Cholera Causes, Symptoms, and Treatment | Sakra World Hospital
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April, 2020

Cholera: Causes, Symptoms, and Treatment

cholera causes and treatment


Recently fifteen cases of cholera have been reported in India in Bengaluru city. There is already a panic across the world over the global outbreak of the novel coronavirus and now water-borne diseases have been reported in Bangalore. 
Cholera cases have been reported from the South, East, and West divisions of Bangalore and water supply to these areas have been stopped until the source of infection is found.

What is Cholera?
Cholera is a bacterial disease which spreads through contaminated water and food. It is an extremely severe disease that can cause acute watery diarrhoea with severe dehydration.

What Causes Cholera?
It is caused by the bacterium Vibrio cholera. It produces a toxin in the small intestine that causes the body to secrete enormous amounts of water, leading to diarrhoea and a rapid loss of fluids.
The bacteria can be found in surface or well water, seafood, raw fruits and vegetables, municipal water supplies, ice made from municipal water grains, etc.

What are the Symptoms of Cholera?
Most people infected with Vibrio cholera do not show any symptoms, although the bacteria are present in their faeces for 1-10 days after infection, they can still infect others through contaminated water.
It takes 12 hours to 5 days for a person to develop symptoms after consuming contaminated food or water. Cholera affects both children and adults and can cause death within hours if not treated. 

Symptoms of cholera infection include:

  • Diarrhoea

  • Nausea and vomiting

  • Dehydration

  • Low blood pressure

  • Muscle cramps

What are the risks associated with cholera?
Everyone is vulnerable to cholera except the infants who get immunity from nursing mothers who have previously had cholera. Still, there are certain risk factors that can cause cholera such as:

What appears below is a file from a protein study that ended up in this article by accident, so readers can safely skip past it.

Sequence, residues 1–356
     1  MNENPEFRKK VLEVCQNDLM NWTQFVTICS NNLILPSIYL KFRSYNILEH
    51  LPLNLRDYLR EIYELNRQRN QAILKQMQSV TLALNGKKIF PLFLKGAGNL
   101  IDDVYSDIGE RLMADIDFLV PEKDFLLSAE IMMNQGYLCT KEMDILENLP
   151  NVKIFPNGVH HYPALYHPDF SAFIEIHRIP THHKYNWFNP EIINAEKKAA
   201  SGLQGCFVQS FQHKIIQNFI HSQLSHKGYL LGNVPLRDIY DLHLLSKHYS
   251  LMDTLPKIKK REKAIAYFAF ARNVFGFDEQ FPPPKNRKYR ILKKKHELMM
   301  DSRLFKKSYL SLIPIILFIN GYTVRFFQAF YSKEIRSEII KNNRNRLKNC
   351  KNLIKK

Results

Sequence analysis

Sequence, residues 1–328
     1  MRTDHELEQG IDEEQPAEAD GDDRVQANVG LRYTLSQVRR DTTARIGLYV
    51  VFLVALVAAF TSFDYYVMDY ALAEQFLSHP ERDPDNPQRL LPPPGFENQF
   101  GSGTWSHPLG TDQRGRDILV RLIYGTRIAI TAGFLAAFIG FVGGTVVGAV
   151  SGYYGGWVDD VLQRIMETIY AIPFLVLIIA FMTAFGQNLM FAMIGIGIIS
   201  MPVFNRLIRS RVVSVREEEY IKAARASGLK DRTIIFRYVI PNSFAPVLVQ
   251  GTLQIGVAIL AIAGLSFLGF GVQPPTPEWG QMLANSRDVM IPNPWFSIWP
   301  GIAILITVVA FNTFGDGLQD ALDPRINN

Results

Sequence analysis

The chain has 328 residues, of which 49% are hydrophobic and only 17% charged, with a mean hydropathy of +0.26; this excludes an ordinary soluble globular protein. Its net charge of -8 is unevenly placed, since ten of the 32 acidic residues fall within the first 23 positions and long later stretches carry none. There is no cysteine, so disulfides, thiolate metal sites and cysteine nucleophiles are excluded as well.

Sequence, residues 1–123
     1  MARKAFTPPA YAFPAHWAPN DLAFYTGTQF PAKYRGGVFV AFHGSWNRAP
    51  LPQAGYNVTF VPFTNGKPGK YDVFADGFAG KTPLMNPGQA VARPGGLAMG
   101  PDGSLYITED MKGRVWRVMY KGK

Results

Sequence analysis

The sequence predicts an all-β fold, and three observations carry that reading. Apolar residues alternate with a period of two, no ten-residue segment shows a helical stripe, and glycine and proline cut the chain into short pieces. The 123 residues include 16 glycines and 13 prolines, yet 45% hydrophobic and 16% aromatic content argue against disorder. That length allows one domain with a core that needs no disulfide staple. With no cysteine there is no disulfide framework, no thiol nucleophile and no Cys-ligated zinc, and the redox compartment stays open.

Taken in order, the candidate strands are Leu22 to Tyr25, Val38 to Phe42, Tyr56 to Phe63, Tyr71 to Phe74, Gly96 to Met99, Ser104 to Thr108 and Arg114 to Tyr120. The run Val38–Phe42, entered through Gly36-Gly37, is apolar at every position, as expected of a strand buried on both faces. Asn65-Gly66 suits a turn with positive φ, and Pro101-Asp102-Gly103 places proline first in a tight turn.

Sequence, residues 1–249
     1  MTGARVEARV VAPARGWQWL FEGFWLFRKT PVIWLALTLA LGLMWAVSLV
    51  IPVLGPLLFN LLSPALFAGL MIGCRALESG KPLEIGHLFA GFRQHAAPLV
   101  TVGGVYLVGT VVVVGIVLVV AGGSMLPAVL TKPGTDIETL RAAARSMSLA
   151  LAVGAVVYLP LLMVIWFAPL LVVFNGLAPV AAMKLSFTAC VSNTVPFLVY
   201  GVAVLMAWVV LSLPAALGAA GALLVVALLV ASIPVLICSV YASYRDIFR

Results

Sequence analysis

• Poor sanitary conditions

  • Reduced stomach acid

  • Household exposure

  • Type O blood

  • Raw or undercooked seafood

How is cholera diagnosed?
A stool sample test is the only way to confirm a diagnosis of cholera. In areas with no laboratory testing, the Crystal ® VC dipstick rapid test is done to confirm the cholera diagnosis. This test helps to decrease the death rates at the start of the cholera outbreaks.

How is cholera treated?
Immediate treatment is necessary for cholera as it can cause death within hours. There is a vaccine for cholera but WHO have specific guidelines for who should be given the vaccine.

Other methods of treatment are:

  • Rehydration: Oral rehydration salts (ORS) is used to replace the lost fluids and electrolytes. It is available in powdered form and can be made with boiled or bottled water.

  • Intravenous fluids: People who are severely dehydrated require intravenous fluids to get better.

  • Antibiotics: Severely dehydrated patients need antibiotics to reduce the duration of diarrhoea and shorten the amount and duration of V. cholerae excretion in their stool.

  • Zinc supplements: Zinc reduces the duration of diarrhoea and shortens the duration of cholera in children.

How can you Prevent Cholera?
There are a few things you can do to protect yourself and your family from cholera.
Use boiled water, chemically disinfected water or bottled water only for the following purposes:

  • Drinking

  • Preparing food

  • Making your teeth

  • Washing your face and hands

  • Washing fruits and vegetables

  • Washing dishes and utensils

  • Brushing your teeth

To prevent cholera consume food from hygienic outlets only. Eat well-cooked food and use water only from a clean source. You can disinfect the water by boiling it for 1 minute to 3 minutes at a higher temperature.

Things you should avoid:

  • Raw food

  • Unpeeled fruits and vegetables

  • Raw or undercooked meat or shellfish

  • Fruits kept exposed for a prolonged period under unhygienic conditions

Be aware of the sources of the food and the consequences of consuming solid food and drink prepared under poor hygienic conditions.
Note: If you develop severe diarrhoea and vomiting then seek medical help immediately. Cholera is highly treatable if treated within a few hours of developing symptoms.




Dr Lorance Peter

Director - Gastroenterology & Hepatology

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